Exploring Behavioral Approaches in Migraine Management: Elizabeth Seng, PhD

Video

The associate professor at Yeshiva University and Albert Einstein College of Medicine discussed the significance of recognizing the behavioral aspects of migraine management such as lifestyle choices, medical interventions, and societal influences. [WATCH TIME: 4 minutes]

WATCH TIME: 4 minutes

"If we can identify ways that people with migraine can improve or change their diet, their exercise, their sleep, their stress management, that's great. At the same time, it's even more than that because we're also identifying the mechanisms of migraine management that may be able to be translated into new drugs or new devices."


In the clinical practice and patient management of migraine, recognizing and understanding the impact of behaviors is critical to having effective treatment strategies for patients. Research shows that there are many aspects of managing migraines that revolve around the patients' choices of behavior, including utilizing treatments to navigating their appointments and decision-making for medications or devices.1 However, the effect of these behaviors often goes recognized by clinicians and the patients themselves, which leads to missed opportunities for improving health outcomes.

Elizabeth K. Seng, PhD, associate professor, Ferkauf Graduate School of Psychology, Yeshiva University, and associate professor, department of neurology, Albert Einstein College of Medicine, gave the Seymour Solomon Award Lecture at the 2023 AHS Annual Meeting, held June 15-18, in Austin, Texas. The lecture, titled "All Migraine Management is Behavior," was structured in that the first third covered all types of behaviors that go into routine care for medical management. In the middle and final section, she talked about lifestyle and how society interacts with patients' behavior.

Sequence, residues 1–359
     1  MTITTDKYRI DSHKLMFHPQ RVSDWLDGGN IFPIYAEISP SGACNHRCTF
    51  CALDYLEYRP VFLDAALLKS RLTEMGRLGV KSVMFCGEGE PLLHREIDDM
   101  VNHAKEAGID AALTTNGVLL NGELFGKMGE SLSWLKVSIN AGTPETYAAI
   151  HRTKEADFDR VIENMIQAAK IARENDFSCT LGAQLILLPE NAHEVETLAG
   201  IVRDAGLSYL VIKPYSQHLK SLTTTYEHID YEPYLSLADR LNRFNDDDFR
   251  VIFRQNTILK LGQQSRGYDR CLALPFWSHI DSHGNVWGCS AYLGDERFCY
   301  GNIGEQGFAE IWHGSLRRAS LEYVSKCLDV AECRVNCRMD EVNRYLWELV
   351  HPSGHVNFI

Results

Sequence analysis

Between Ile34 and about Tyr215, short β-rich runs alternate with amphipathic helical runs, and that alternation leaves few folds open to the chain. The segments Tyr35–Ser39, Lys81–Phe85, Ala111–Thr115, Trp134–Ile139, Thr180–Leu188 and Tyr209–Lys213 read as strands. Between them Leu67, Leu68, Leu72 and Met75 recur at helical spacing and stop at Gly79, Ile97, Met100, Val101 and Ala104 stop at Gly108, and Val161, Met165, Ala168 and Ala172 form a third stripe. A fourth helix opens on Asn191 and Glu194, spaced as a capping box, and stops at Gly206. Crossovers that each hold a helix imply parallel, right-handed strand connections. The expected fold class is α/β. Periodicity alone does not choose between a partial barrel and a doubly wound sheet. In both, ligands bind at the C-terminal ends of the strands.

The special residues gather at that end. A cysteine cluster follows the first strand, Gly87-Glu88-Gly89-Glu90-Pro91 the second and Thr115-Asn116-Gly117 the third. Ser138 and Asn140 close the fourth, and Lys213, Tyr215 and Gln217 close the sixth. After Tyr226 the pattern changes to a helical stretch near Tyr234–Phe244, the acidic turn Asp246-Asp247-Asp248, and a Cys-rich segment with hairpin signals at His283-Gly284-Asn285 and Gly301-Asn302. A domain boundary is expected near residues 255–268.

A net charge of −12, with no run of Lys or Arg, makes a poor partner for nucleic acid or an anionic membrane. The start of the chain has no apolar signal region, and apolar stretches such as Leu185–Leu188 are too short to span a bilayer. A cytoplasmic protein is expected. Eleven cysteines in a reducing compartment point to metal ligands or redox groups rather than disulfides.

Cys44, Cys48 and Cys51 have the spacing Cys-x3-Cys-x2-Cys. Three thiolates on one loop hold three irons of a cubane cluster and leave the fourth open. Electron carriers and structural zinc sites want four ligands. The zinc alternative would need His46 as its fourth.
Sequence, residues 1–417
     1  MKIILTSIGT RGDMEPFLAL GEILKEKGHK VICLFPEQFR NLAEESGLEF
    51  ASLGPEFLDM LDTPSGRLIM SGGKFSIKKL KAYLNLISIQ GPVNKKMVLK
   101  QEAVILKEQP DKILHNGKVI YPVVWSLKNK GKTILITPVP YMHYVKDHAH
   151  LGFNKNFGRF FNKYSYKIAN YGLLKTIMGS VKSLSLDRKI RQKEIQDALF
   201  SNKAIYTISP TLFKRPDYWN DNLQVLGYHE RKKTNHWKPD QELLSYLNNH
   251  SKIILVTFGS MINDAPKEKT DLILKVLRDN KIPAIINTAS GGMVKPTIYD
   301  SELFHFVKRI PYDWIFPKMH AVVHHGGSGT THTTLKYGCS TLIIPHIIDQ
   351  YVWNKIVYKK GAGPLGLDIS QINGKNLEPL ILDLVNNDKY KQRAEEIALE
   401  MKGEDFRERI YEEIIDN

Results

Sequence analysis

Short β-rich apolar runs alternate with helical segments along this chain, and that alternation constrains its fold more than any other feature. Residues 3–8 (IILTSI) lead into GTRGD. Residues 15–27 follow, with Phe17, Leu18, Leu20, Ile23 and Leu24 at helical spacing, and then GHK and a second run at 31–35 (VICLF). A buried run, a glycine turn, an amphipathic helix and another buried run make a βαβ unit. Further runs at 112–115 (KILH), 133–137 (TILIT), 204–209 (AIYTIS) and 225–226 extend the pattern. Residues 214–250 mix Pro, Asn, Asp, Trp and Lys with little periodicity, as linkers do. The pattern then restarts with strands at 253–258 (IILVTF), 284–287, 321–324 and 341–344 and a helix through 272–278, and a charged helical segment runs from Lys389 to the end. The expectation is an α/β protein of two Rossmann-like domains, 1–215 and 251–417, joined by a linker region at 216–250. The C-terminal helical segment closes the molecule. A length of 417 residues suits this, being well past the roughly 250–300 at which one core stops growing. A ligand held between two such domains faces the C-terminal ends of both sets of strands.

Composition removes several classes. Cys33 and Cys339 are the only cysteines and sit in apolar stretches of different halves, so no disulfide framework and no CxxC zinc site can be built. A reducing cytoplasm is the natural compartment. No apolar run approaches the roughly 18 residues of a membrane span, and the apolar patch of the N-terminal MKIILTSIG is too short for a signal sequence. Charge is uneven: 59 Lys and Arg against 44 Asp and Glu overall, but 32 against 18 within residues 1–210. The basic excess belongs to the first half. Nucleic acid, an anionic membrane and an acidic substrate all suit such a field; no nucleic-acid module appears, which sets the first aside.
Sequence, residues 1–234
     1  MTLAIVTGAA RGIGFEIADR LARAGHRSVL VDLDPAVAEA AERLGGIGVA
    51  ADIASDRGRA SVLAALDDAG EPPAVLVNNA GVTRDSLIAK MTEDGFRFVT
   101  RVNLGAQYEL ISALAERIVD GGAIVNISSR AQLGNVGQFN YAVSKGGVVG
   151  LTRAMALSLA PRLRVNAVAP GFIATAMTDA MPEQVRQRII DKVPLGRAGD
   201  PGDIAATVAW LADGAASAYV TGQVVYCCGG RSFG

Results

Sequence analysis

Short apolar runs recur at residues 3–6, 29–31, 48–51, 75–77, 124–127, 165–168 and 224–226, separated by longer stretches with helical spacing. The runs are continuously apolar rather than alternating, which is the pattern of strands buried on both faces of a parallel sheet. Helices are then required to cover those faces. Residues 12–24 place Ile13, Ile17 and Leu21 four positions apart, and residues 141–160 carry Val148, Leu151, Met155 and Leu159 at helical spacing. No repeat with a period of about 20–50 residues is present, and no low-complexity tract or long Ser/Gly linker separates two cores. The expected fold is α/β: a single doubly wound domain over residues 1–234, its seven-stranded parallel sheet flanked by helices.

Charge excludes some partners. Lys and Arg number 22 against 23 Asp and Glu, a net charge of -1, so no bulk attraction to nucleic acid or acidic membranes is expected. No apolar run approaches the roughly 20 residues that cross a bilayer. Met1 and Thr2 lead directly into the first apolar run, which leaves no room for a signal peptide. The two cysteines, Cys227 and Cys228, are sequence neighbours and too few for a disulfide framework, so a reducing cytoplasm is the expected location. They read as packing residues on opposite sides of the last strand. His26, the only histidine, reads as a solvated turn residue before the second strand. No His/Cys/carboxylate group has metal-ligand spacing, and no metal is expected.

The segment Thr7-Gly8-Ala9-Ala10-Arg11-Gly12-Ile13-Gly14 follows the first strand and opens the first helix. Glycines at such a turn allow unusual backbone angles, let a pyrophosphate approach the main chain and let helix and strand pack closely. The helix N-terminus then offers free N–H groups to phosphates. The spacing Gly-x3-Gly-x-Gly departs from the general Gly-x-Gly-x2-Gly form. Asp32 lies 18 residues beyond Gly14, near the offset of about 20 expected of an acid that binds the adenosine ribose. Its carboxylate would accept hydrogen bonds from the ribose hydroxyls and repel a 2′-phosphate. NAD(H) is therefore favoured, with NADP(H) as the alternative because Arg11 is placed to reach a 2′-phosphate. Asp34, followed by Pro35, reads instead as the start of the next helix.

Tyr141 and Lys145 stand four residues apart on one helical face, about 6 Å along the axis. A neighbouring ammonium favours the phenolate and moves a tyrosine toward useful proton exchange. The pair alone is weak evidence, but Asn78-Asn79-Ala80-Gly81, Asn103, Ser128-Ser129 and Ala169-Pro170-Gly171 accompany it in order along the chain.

Following the lecture, Seng sat down with NeurologyLive® to provide an overview of the different topics that were discussed in the lecture. She talked about how recognizing the behavioral component of routine migraine management helps address the challenges faced by many patients. Seng spoke about the ways that lifestyle modifications can complement pharmacologic treatments and potentially offer nonpharmacologic options for migraine relief. In addition, she shared some of the implications of understanding the interplay between society, behavior, and migraine management in developing more effective treatment approaches.

Click here for more coverage of AHS 2023.

REFERENCES
1. Seng EK. Seymour Solomon Award Lecture: All Migraine Management is Behavior. Presented at: 2023 AHS Annual Meeting; June 15-18; Austin, TX.
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